US 2995334 A
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Description (OCR text may contain errors)
1961 J. A. HENDERSON ET AL 2,995,334
CLYSIS ASSEMBLY Filed June 8, 1959 IN V EN TORS J 0/17) A HENDEESO/V BY 4/?77901? J: HOW/4RD ATTORNEYS United States Patent 2,995, 34 CLYSIS ASSEMBLY John A. Henderson, Highland Park, and Arthur J. Howard, Lodi, NJ., assignors to Becton, Dickinson and Company, Rutherford, NJ., a corporation of New Jersey Filed June 8, 1959, Ser. No. 818,934 4Claims. (Cl. 251-4) This invention relates to a structurally and functionally improved assembly of the venoclysis, blood donor enema or similar type, and by means of which the flow of fluid through that assembly may be accurately and instantaneously controlled.
It is a primary object of the invention to furnish as part of such an assembly a structure which will function as a valve and be capable of ready use by unskilled persons to control the flow of blood or other liquid through the tubing of the assembly, and in an improved manner such that a full volume flow will occur, or else the flow will be completely interrupted.
Still another object is that of designing a structure which will be extremely simple and capable of ready manufacture at a nominal figure; that structure being preferably combined with the tubing in a manner such that such structure will be instantly available to the user.
With these and other objects in mind, reference is had to the attached sheet of drawings illustrating practical embodiments of the invention, and in which:
FIG. 1 is a perspective view of a venoclysis or blood donor set;
FIG. 2 is a fragmentary side elevation of a Harris type flush tube and showing the structure of the present invention in section and applied thereto;
FIG. 3 is a perspective view of a complete control member as especially illustrated in FIG. 2;
FIG. 4 is a partly sectional and fragmentary side view of an alternative form of assembly; and
FIG. 5 is a transverse sectional view taken along the line 5-5 in the direction of the arrows as indicated in FIG. 4.
Referring primarily to FIG. 1, the numeral 5 indicates alength of tubing of flexible and plastic material. That material may -be a synthetic resin, such as a vinyl chloride polymer. To one end of the tubing there is connected a flask type needle, as indicated at 6. To the other end, a donor needle 7 is coupled. Both these needles, in accordance with conventional techniques, may be initially enclosed in sheaths 8 capable of being readily detached from the assembly. The character of the tubing 5 will be such that it may be folded upon itself. When so disposed, its bore will be constricted to interrupt the flow of fluid therethrough.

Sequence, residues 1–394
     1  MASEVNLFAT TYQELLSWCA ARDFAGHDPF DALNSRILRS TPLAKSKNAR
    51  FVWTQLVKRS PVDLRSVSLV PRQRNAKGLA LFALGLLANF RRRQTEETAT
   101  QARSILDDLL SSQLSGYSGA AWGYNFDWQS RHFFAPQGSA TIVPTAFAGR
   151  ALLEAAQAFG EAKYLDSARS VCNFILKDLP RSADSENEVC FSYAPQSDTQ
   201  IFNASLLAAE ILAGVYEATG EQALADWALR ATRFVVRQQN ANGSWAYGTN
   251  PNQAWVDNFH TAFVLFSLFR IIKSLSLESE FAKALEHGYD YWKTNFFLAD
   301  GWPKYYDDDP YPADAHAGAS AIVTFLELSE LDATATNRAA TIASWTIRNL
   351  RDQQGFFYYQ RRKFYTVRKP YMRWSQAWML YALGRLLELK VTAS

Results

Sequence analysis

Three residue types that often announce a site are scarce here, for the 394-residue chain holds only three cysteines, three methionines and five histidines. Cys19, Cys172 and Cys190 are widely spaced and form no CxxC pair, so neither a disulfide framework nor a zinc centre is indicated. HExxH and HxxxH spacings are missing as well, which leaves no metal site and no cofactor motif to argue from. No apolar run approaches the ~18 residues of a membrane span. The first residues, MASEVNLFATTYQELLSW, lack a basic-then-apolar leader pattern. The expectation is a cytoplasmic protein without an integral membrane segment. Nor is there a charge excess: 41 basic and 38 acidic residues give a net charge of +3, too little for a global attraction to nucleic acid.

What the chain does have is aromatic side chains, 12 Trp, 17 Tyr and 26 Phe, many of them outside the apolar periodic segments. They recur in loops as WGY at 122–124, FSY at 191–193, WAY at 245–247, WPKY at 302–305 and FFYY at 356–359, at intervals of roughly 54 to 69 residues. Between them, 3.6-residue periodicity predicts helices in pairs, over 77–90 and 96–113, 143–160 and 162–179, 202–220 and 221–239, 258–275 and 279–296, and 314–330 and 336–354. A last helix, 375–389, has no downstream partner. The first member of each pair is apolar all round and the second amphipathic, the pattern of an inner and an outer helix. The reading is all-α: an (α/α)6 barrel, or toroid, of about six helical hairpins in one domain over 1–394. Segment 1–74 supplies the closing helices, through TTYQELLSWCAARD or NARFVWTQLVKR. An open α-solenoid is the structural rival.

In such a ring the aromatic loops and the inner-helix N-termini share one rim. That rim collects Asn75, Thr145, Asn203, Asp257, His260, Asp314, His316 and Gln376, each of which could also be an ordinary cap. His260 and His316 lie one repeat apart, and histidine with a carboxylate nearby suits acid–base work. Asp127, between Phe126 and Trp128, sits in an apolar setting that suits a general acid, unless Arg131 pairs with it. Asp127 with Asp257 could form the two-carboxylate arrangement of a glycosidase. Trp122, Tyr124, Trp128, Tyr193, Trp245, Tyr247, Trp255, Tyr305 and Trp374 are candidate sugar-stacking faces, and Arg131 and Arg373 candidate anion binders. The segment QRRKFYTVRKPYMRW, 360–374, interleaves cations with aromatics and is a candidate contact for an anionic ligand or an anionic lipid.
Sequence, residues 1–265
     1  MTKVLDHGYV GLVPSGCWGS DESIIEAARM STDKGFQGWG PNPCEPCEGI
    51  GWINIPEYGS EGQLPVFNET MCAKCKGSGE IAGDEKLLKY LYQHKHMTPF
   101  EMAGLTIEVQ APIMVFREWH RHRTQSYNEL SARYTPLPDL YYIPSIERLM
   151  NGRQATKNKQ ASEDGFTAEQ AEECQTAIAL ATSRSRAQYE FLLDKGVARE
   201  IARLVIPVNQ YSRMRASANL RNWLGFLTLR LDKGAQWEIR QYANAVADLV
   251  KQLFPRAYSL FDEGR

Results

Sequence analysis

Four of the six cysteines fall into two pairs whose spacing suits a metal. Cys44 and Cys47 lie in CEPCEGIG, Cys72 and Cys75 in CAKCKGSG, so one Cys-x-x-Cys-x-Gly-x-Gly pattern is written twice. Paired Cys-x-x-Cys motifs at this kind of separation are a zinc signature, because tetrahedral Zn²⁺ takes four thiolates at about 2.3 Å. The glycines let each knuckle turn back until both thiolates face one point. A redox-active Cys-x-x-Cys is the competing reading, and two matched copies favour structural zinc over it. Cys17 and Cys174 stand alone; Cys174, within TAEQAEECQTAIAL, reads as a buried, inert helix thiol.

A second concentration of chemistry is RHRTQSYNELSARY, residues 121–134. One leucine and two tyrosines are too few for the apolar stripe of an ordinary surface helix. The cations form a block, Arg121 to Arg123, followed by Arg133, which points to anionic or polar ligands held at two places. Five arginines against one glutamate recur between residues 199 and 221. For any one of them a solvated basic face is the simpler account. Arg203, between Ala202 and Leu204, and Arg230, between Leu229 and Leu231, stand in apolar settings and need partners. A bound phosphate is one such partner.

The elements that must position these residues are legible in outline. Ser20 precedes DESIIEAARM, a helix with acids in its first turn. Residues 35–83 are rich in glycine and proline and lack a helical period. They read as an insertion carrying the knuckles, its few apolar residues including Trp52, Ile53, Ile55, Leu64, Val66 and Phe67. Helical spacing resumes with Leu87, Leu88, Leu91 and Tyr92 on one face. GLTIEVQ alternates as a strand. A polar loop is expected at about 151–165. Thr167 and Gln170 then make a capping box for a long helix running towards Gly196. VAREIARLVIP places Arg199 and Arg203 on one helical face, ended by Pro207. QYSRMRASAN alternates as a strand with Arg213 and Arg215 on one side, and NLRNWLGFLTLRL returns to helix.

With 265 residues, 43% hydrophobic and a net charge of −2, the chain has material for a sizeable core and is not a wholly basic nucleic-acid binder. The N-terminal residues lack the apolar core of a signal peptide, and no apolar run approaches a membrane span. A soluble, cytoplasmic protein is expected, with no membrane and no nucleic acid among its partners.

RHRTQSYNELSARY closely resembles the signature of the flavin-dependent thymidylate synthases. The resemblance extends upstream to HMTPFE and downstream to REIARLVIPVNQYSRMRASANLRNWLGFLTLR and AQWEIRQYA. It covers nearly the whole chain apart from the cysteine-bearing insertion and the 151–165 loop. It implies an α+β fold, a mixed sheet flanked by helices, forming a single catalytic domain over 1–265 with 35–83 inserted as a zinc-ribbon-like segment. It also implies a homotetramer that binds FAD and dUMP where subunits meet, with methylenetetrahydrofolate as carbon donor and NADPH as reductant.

In FIG. 2, a length of tubing 9 of larger diameter than the tubing 5 has been illustrated. This tubing is again formed of a suitable plastic and has one of its ends 10 reduced to somewhat constrict the bore exit at that point. Also, a lateral opening 11 may be formed in its side Wall, spaced rearwardly of its outer end. This form of unit provides a part of 'an enema assembly and is known in the profession as a Harris flush. In common with tubing 5, tube 9 may be folded upon itself, as illustrated in FIG. 2, to prevent any flow of fluid through its bore.
This folded zone, which has been indicated at 12, is receivable within a sleeve 13 of a larger internal diameter than the external diameter of tube 9. So received, that zone will be maintained in folded condition, to thus prevent fiuid flow through the bore of the tube. Preferably, sleeve 13 is furnished with an end wall 14 to provide a cup structure limiting the length of the zone which may be introduced into the bore of the sleeve.
It is preferred that the sleeve be retained by an atice taching member in association with the tubing even when the former is not maintaining the latter in a folded position. T 0 this end, a strap 15 may conveniently have one end attached to or integral with the sleeve. Its opposite end defines a loop 16. The inner edge of that loop should have a diameter in excess of that of the tubing to which it is applied. Accordingly, it may be slid axially of that tubing to any desired location. However, due to the loop being only slightly in excess of the external diameter of the tubing, when it is once shifted to a desired zone of that tubing, it will tend to maintain that position. Also, it will be understood that, while the internal diameter of sleeve 13 is in excess of the external diameter of the tubing, it should not be so greatly in excess thereof that the tubing will tend to ride free of the socket furnished by the sleeve when subjected to ordinary strains of low value.
The sleeve, its end wall and the strap 15 (if employed) are conveniently formed of polyethylene. As afore brought out, the tubing of the assembly is preferably formed of a plastic. Thus, the surfaces of these two elements will not tend to grip so intimately that they will be incapable of sliding movements with respect to each other except under severe strain or tension. Rather, a free sliding fit should be achieved, as the folded zone of the tube is introduced into the bore of the sleeve. This would be true even if the tubing were formed of material such as rubber.
As will be appreciated, in the use of the assembly, an operator desiring to interrupt all fluid flow through the bore of the tube will simply fold the tube upon itself, as shown in FIG. 2. Thereupon, this zone of the tube will be introduced into the sleeve, and if an end wall such as 14 is employed, it will act to limit such introduction. Now, if fluid flow is to be established, all that the operator will have to do is to grasp the tubing at points at opposite sides of the cup and exert tension on that tubing. Under these circumstances, the tubing will cam against the surface of the sleeve to cause the folded part of the tube to emerge from the bore of the sleeve. Thereupon, the tube will straighten out, and a free and maximum flow of fluid will occur through the bore.